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5 most lopsided trades in winter meetings history

Jon Way / Reuters

Shelby Miller is on his way to the desert to join Zack Greinke and Patrick Corbin atop the Arizona Diamondbacks' rotation after being acquired from the Atlanta Braves in a five-player deal on Tuesday.

The trade cements the club as a legitimate contender for the National League West title, but did the snakes give up too much to acquire the former first-round pick?

Handing over the likes of outfielder Ender Inciarte, 2015 first overall pick Dansby Swanson, and former first-rounder Aaron Blair for three years of control for Miller sparked debate, and even had one executive claim the Diamondbacks made the "worst trade ever."

There's no way to tell how the trade will pan out for either side just yet, but this isn't the first time the winter meetings have sparked shock and awe in response to what some consider a lopsided trade.

Here are five trades from past winter meetings in which one club's benefit was another's misfortune.

Dee Gordon traded to Marlins

Dee Gordon Austin Barnes
Dan Haren Chris Hatcher
Miguel Rojas Andrew Heaney
cash Enrique Hernandez

The Los Angeles Dodgers moved the speedy second baseman to the Miami Marlins during the 2014 winter meetings, and then flipped the centerpiece of their return, Andrew Heaney, to the Los Angeles Angels for Howie Kendrick. Though the Dodgers were initially lauded for selling Gordon at peak value, the Marlins appear to be benefiting the most. Gordon's breakout season included a second All-Star appearance, batting title, Gold Glove, and Silver Slugger award.

REACTION: "I'm not sure if this is the worst move of the offseason. If it is, I'm not sure if this will remain the worst move of the offseason. But my later response continues to match my initial response: Andrew Friedman and the Dodgers are making out like bandits, successfully selling Dee Gordon about as high as possible." - Jeff Sullivan of FanGraphs

Mets steal Gary Carter from Expos

Gary Carter Hubie Brooks
Mike Fitzgerald
Herm Winningham
Floyd Youmans

During the winter meetings in 1984, former New York Mets general manager Frank Cashen acquired the catcher from the Montreal Expos for an underwhelming package of players. Carter would help the Mets to a World Series title in 1986, posting some of the best offensive numbers of his career en route to a Hall of Fame career.

REACTION: "The genesis of the trade was that we wanted to add a big bat to the lineup. He did that right away, but perhaps more important was the way he handled our young pitchers. He was the perfect guy for so many reasons." - Frank Cashen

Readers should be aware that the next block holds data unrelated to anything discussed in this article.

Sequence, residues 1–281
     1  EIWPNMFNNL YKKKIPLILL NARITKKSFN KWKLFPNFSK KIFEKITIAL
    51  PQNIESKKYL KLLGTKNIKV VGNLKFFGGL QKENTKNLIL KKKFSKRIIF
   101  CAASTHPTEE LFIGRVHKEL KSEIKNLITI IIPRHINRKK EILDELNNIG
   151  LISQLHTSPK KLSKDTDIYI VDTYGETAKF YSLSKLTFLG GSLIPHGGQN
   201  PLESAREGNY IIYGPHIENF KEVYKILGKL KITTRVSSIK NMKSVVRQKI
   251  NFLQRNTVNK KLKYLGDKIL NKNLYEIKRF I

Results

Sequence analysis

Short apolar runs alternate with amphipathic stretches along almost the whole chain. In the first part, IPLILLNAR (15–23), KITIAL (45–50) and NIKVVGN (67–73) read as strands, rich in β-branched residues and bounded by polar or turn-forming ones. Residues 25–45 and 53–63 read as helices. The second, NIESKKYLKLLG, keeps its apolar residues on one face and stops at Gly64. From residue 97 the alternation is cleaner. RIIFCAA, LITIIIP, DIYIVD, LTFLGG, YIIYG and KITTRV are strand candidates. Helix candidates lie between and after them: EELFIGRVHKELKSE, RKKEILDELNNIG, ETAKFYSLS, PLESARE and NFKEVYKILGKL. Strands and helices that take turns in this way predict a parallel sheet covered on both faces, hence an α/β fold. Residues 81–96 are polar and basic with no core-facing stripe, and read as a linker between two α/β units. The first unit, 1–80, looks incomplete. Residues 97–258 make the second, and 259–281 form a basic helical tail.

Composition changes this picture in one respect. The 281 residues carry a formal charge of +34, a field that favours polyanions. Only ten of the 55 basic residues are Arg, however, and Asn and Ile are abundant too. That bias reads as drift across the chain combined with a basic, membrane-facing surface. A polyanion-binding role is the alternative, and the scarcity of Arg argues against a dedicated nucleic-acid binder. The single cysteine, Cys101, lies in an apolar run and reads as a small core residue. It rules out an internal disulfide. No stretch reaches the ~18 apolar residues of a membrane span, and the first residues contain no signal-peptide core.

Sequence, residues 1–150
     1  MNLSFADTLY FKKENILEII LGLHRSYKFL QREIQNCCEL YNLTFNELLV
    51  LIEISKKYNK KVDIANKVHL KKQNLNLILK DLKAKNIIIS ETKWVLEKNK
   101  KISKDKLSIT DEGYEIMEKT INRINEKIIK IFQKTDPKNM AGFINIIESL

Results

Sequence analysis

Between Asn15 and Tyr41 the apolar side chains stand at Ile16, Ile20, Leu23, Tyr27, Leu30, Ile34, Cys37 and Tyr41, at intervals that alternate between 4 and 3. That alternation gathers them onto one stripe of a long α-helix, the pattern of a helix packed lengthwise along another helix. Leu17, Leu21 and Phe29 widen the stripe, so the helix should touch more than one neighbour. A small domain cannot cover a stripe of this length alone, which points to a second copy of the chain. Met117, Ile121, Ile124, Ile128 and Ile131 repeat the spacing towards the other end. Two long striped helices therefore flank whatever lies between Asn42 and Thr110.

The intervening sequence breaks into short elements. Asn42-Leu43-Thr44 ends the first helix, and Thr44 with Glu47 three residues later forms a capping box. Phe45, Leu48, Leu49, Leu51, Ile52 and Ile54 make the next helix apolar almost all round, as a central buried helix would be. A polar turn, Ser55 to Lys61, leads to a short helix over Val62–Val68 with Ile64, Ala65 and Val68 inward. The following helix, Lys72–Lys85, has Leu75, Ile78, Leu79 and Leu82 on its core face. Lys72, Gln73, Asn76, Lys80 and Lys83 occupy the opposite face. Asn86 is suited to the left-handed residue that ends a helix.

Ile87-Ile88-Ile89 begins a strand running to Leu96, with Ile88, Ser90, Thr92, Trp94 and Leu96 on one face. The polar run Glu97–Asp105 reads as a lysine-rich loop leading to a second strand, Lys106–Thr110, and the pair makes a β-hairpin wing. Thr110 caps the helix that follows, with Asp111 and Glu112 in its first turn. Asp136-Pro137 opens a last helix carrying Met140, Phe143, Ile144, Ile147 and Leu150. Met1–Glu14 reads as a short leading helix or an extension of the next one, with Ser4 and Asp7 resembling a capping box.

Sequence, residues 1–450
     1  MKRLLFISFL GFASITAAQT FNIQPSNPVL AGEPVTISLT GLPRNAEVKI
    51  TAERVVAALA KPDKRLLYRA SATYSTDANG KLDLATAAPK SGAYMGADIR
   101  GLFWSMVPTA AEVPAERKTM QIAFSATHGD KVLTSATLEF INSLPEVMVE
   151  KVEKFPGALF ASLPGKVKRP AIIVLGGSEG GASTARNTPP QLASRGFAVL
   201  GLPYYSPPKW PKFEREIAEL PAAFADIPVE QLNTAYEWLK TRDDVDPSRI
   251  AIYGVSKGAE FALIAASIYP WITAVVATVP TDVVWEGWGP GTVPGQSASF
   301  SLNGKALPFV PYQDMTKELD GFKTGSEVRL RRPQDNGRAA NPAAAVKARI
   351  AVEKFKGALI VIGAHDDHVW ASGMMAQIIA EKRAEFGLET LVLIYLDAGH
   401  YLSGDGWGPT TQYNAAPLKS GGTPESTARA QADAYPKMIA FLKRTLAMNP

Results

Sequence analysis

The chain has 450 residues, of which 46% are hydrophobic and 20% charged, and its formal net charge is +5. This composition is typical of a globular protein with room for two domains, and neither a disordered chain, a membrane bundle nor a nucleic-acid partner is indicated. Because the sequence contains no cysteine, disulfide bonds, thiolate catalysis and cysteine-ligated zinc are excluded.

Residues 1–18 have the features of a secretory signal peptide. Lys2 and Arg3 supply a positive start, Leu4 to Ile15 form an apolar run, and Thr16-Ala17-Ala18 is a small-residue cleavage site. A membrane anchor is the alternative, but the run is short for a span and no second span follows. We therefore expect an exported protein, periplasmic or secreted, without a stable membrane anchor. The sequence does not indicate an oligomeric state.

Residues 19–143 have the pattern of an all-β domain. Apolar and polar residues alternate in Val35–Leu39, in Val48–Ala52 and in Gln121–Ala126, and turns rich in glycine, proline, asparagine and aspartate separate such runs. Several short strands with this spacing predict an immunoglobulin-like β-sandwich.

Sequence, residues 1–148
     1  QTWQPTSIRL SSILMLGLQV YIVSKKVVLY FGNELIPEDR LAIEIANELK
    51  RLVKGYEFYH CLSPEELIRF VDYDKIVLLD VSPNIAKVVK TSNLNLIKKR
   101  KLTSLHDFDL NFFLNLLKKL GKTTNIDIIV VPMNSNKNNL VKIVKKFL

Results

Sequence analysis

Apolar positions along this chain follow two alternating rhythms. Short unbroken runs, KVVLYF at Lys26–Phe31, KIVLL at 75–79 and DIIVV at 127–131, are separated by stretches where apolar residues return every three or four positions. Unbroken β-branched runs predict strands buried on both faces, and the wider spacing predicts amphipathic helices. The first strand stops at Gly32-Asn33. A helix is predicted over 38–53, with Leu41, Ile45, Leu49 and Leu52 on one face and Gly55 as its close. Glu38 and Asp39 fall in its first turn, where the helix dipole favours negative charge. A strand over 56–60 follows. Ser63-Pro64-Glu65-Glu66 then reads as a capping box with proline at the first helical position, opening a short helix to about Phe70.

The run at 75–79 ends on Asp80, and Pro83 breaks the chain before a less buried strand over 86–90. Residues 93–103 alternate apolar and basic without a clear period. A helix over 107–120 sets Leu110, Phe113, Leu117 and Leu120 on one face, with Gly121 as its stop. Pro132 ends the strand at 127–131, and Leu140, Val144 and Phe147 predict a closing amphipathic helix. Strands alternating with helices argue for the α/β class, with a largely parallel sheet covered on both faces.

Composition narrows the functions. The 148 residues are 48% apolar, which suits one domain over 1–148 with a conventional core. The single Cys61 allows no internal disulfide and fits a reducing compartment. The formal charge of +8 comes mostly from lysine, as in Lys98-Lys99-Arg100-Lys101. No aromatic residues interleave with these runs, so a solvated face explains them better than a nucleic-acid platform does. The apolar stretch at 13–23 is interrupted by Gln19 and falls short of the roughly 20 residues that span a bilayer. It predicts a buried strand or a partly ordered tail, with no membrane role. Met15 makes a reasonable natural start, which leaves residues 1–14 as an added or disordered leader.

Frank Robinson joins Orioles

Frank Robinson Milt Pappas
Jack Baldschun
Dick Simpson

When you really break down the haul for Frank Robinson, the Cincinnati Reds didn't do too bad, but giving up a two-time MVP - he earned his second with the Orioles - and Hall of Famer is hard to swallow for any franchise. After the 1965 trade, Robinson became one of the most historic names in Orioles history, while Pappas will be remembered more for his name than his 209 career wins.

REACTION: "It wasn't like we didn't give the Reds some guys who could play a little bit. But to get Frank Robinson? But with all the dialogue, all the rhetoric about 'an old 30,' I don't think any of us realized how good Frank was. That sounds like an insult, but you don't often get a guy like that. How do you know, even in your wildest dreams?" - Hall of Fame pitcher Jim Palmer

Tigers land Miguel Cabrera in megadeal

Miguel Cabrera Cameron Maybin
Dontrelle Willis Andrew Miller
Burke Badenhop
Frankie De La Cruz
Dallas Trahern
Mike Rabelo

Acquiring arguably the best hitter in all of baseball doesn't come cheap, and the Detroit Tigers gave up what was believed to be the farm for slugger Miguel Cabrera and southpaw Dontrelle Willis at the winter meetings in 2007. The deal obviously worked out in Detroit's favor, with Cabrera hitting a whopping .326/.406/.574 with 270 home runs in the eight seasons since, winning two AL MVP awards and four batting titles.

REACTION: "I'm glad we're in the other division. That lineup just got scary." - Boston manager Terry Francona

Maris joins Mantle after Yankees trade

Roger Maris Hank Bauer
Joe DeMaestri Don Larsen
Kent Hadley Norm Siebern
Marv Throneberry

During the 1959 winter meetings, the Yankees added Roger Maris to an already potent lineup, but even they couldn't have envisioned the small-town slugger becoming Major League Baseball's home run king for close to four decades. Maris smacked 61 home runs in 1961, breaking the previous record held by Babe Ruth.

REACTION: "I thought Maris was the one guy we needed. He was a complete player who could field, throw, and run." - Yankees great Whitey Ford in an excerpt from "Roger Maris: Baseball's Reluctant Hero"

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